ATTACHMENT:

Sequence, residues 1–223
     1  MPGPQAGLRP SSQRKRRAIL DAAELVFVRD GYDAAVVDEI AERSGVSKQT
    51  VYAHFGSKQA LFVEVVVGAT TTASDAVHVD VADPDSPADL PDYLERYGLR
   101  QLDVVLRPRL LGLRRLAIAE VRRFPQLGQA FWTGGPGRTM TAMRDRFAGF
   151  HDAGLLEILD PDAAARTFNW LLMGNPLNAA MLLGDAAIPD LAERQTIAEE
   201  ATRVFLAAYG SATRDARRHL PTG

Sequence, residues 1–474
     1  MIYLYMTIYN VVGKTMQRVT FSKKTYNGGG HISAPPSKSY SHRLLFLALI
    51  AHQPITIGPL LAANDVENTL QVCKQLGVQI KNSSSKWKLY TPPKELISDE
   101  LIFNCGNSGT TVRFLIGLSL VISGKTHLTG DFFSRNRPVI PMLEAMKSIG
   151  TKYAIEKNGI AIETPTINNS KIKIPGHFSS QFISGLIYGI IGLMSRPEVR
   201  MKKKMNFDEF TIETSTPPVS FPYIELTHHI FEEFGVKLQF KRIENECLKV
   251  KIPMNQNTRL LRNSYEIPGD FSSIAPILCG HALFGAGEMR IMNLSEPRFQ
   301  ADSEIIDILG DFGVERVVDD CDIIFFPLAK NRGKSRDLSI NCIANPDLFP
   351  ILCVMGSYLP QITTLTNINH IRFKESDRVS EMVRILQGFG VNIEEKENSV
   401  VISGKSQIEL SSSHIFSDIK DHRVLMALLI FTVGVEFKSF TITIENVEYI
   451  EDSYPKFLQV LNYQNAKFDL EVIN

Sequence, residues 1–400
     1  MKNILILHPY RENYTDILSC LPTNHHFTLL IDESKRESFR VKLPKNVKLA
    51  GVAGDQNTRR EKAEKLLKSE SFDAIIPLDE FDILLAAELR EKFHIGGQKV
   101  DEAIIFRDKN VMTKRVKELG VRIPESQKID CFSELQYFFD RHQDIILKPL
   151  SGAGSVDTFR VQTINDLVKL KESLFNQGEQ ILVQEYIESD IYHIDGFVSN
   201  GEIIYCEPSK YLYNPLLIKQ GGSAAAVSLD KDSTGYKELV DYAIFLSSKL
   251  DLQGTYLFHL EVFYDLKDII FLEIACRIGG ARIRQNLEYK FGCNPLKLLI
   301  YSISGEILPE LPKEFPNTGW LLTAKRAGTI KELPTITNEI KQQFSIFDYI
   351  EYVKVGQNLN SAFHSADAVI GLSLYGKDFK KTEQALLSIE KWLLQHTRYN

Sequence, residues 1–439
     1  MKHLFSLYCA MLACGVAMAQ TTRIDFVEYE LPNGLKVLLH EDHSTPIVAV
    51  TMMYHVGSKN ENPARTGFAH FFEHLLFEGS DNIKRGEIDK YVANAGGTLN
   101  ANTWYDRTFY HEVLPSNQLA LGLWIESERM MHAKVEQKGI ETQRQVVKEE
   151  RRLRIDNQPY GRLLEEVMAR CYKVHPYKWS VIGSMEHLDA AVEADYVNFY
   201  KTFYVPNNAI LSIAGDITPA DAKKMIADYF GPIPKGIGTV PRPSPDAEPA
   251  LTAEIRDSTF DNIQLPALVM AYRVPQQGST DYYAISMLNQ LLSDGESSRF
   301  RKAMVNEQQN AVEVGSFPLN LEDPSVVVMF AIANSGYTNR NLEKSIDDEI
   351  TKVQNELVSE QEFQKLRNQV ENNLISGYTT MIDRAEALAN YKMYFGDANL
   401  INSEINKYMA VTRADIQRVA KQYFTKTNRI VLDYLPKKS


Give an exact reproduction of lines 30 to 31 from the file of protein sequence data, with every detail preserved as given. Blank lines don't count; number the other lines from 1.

   101  ANTWYDRTFY HEVLPSNQLA LGLWIESERM MHAKVEQKGI ETQRQVVKEE
   151  RRLRIDNQPY GRLLEEVMAR CYKVHPYKWS VIGSMEHLDA AVEADYVNFY